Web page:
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Demetrius I (დემეტრე I) (c. 1093 – 1156), from the Bagrationi dynasty, was King of Georgia from 1125 to 1156. He is also known as a poet.

Demetrius I
დემეტრე I
King of Kings of Georgia
Demetre I (Matskhvarishi).jpg
"Coronation of Demetrius I, a fresco by Michael Maglakeli from the Matskhvarishi monastery, 1142
6th King of Georgia
Reign 1125–1154
Predecessor David IV
Successor David V
George III
Born c. 1093
Died 1156
Burial Gelati Monastery
Issue David V
George III
Dynasty Bagrationi
Father David IV of Georgia
Mother Rusudan of Armenia
Religion Georgian Orthodox Church



Demetrius was the eldest son of King David the Builder by his first wife Rusudan. He was brought up in Kutaisi. As a commander, he took part in his father’s battles against Seljuks, particularly at Didgori (1121) and Shirvan (1123). In 1117, he was sent by David at the head of a Georgian army into Shirvan, where Demetrius reduced the fortress of Kaladzor (later Alberd, now Ağdaş[1]) and put to flight the men of Sukman, "commander of all the forces of Persia"—as a Georgian chronicler suggests. This Sukman was probably a Shah-Armenid prince, and subsequently, ruler in his own right, Sökmen II, whom the Shirvanshah Afridun I must have applied for help.[2]

Demetrius succeeded on his father’s death on January 24, 1125. With his ascent to the throne, the Seljuk Turks attacked the Georgian-held city of Ani, Armenia. Demetrius I had to compromise and ceded the city to a Seljuk ruler under terms of vassalage.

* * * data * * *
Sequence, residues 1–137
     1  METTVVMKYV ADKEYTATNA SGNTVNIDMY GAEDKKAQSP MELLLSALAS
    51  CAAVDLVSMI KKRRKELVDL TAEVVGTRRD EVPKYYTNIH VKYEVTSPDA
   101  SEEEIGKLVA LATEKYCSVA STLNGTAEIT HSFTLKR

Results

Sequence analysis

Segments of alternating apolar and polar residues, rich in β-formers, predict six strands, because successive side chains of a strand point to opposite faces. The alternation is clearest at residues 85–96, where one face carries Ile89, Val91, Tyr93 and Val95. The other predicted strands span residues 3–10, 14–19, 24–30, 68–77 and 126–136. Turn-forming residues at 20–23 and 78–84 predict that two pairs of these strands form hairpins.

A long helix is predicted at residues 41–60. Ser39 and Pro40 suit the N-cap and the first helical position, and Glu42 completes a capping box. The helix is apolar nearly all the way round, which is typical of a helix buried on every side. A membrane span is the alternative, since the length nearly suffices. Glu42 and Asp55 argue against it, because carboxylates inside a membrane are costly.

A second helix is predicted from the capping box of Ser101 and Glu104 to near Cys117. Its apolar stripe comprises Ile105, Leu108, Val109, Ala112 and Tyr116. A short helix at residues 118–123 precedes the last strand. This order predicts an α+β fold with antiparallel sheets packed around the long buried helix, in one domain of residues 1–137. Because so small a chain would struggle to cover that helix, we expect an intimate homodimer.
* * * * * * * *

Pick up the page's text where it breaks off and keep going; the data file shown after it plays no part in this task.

In 1139, he raided the earthquake-ridden city of Ganja in Arran (the present day Azerbaijan). He brought the iron gate of the defeated city to Georgia and donated it to Gelati Monastery at Kutaisi, western Georgia. Despite this brilliant victory, Demetrius could hold Ganja only for a few years.

In 1130, Demetrius revealed a plot of nobles, probably involving the king's half-brother Vakhtang. The King arrested the conspirators and executed one of their leaders, Ioanne Abuletisdze, in 1138 (or 1145). In 1154 David, Demetrius's elder son forced his father to abdicate and become a monk, receiving the monastic name Damian (Damianus). However, David died six months later and King Demetrius was restored to the throne. David was survived by his son Demna who was regarded by the aristocratic opposition as a lawful pretender.

Although Demetrius was not as successful as his father David the Builder, Georgia remained a strong feudal power with a well-organized military and political system and a developed cultural and economical life.

He died in 1156 and was buried at Gelati Monastery.

He is regarded as a saint in the Orthodox Church and his feast day is celebrated on May 23 on the Eastern Orthodox liturgical calendar.[3]

Marriage and childrenEdit

The name of Demetrius's wife is unknown, but he had several children:



King Demetrius I was an author of several poems, mainly on religious themes. Shen Khar Venakhi (Georgian: შენ ხარ ვენახი, English: Thou Art a Vineyard), a hymn to the Virgin Mary, is the most famous of them.

See alsoEdit


  1. ^ Hewsen, Robert H. (1992). The Geography of Ananias of Širak: Ašxarhac'oyc', the Long and the Short Recensions. Wiesbaden: Reichert. p. 249. ISBN 3-88226-485-3. 
  2. ^ Hasan, Hadi (1929). Falakī-i-S̲h̲irwānī: His Times, Life, and Works. London: Royal Asiatic Society. p. 8. 
  3. ^ (in Greek) Ὁ Ὅσιος Δαμιανὸς ἐκ Γεωργίας. 23 Μαΐου. ΜΕΓΑΣ ΣΥΝΑΞΑΡΙΣΤΗΣ.

External linksEdit

Preceded by
David IV
King of Georgia
Succeeded by
David V (1154)
Succeeded by
George III (1156)